Echinacea(s) Extraordinaire – Coneflowers go High Style
Beautiful big snowstorm on Sunday, not predicted but not minded. Glittering blanket smoothing the world, nowhere to go but a chair by the fire and nothing to do but read and try not to eat leftover cookies – until it was time to shovel a foot of it off the driveway.
Today it’s still bliss-productively white, white white everywhere. Including in my head where after Sunday’s catalog wallow I’m looking eagerly ahead to spiffing up the white garden
and that brings us to the story of my adventures with Fragrant Angel,
in all respects except one an enormous improvement over good old White Swan.
The one respect is very long stems and very large flowers, a combo guaranteed to have falling over problems. White Swan always stands bushily by itself.
The story: I bought the well named ‘Fragrant Angel’ a couple of years ago when it was still quite expensive and put it next to a very nice peony, where it grew into a vigorous clump, flowering profusely from midsummer through fall.
But although I kept frugally hoping, the Angel never spread itself around the way ‘White Swan’ does, so when I noticed a robust seedling last spring it looked like cause for celebration. Certainly seemed to be the same plant. Like ‘Fragrant Angel’ it had very thick stems and large coarse leaves, a conventional Echinacea purpurea on steroids.
Took it a while to start flowering, but eventually buds appeared. Rather dark buds, I’m sorry to say, with a suspicious reddish cast. Sure enough; no dice. The new plant was more or less a throwback to one of the Angel’s parents, ‘Ruby Giant.’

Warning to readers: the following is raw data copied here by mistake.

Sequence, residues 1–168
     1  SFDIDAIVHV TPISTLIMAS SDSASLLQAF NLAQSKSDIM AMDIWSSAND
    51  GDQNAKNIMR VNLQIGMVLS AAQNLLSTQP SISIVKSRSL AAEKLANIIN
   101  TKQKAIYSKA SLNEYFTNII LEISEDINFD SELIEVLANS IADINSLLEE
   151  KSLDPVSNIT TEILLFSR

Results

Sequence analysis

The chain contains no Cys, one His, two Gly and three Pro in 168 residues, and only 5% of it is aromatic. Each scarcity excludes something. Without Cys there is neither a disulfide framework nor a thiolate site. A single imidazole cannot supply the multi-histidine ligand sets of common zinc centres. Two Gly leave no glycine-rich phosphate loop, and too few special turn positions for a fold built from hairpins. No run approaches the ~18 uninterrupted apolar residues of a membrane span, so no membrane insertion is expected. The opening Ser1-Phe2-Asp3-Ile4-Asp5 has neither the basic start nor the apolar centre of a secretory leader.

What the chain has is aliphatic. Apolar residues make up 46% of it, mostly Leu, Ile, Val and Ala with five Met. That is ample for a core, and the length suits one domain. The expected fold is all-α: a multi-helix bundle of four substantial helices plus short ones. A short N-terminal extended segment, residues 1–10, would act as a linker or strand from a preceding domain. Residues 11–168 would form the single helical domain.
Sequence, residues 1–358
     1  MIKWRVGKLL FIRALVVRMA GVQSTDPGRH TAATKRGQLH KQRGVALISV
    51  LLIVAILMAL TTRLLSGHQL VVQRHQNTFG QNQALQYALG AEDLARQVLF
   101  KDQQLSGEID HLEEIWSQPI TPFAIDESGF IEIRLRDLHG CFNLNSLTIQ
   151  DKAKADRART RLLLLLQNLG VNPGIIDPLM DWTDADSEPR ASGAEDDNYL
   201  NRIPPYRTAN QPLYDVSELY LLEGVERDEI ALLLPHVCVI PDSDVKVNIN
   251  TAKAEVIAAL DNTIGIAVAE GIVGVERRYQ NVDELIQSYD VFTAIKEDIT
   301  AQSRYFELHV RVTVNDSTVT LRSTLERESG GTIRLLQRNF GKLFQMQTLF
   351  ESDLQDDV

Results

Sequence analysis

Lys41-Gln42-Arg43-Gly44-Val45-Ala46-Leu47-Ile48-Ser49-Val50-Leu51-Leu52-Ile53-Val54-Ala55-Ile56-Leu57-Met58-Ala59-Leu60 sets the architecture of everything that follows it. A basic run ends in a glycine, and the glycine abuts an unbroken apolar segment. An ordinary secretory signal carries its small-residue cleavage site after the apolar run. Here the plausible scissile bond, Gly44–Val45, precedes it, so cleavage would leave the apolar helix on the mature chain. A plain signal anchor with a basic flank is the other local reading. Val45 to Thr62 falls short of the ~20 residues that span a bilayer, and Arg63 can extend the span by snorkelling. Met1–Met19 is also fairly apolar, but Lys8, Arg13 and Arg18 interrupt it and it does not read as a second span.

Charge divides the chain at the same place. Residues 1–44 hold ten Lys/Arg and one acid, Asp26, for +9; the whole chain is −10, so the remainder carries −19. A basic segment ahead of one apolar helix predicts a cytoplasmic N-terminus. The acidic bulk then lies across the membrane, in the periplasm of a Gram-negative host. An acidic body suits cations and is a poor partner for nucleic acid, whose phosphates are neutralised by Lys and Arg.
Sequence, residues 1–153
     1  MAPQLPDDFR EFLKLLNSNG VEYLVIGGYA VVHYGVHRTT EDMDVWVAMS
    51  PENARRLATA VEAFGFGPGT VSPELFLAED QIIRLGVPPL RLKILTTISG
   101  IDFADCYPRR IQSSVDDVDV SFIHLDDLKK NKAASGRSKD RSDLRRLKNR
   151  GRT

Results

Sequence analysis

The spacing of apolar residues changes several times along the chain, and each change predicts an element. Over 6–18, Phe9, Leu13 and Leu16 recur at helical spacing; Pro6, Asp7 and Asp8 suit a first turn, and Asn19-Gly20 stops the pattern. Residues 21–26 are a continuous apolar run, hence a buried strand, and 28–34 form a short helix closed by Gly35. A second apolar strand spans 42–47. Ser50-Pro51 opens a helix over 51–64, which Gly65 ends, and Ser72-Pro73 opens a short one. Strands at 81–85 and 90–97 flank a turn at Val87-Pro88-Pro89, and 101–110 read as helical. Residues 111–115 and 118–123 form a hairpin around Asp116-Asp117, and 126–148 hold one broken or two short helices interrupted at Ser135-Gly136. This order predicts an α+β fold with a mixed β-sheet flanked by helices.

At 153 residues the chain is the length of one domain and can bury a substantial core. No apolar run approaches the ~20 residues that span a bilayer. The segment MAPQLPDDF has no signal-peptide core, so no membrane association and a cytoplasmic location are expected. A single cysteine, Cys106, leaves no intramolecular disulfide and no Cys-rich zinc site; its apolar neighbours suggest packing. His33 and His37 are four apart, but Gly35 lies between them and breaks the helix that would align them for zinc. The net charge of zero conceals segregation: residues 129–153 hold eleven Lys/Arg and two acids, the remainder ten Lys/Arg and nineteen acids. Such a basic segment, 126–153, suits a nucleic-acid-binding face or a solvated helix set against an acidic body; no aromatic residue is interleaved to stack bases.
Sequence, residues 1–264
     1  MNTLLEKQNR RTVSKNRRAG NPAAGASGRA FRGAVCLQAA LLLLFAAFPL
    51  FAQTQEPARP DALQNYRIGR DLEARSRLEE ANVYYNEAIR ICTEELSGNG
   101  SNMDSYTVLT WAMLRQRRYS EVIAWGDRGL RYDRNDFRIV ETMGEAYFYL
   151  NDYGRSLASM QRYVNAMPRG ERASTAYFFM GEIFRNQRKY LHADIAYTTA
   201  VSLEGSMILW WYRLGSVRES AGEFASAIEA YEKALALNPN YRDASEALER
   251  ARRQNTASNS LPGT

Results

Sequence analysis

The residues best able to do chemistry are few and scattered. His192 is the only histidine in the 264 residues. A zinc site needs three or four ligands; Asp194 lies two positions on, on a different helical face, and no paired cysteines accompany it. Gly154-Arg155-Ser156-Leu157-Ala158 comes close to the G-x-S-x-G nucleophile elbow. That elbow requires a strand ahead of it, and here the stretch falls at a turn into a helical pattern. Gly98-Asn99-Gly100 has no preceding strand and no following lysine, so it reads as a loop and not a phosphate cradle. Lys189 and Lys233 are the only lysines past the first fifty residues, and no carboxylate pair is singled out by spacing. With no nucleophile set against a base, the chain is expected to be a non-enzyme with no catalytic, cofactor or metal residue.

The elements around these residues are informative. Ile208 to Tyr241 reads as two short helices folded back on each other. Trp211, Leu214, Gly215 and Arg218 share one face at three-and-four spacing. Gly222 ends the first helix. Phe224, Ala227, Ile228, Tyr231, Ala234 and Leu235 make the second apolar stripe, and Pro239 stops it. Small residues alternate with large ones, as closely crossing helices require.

The new plant isn’t quite ‘Ruby Giant’ but it’s far handsomer than the common run, a splendid echinacea in its own right, and I’m sure I’ll feel splendid about it when I figure out where to put it. Meanwhile all I can think is: “Oh great, more magenta, just what I always wanted.” Common E. purpurea is such a willing spreader you might as well call it a weed.
Would go the latter route except I don’t trust myself to be restrained. A quick look at the echinacea listings of a few trusted sources reveals selections that have grown almost obscenely large and tempting. I guess I shouldn’t have been surprised; gardening magazines have been jumping up and down for some time now about new breakthroughs in coneflower breeding. This simple, single purple-pink wildflower now comes in unheard of colors – red! orange! – and undreamed of doubleness (about that the less said the better, as far as I’m concerned).
Echinacea wonderlands include Plant Delights Nursery, Lazy SS Farm and Garden, and Big Dipper Farm, which possibly takes the assortment prize with 47 possibilities. The last 11 are labeled “reference library only, not for sale,” but still…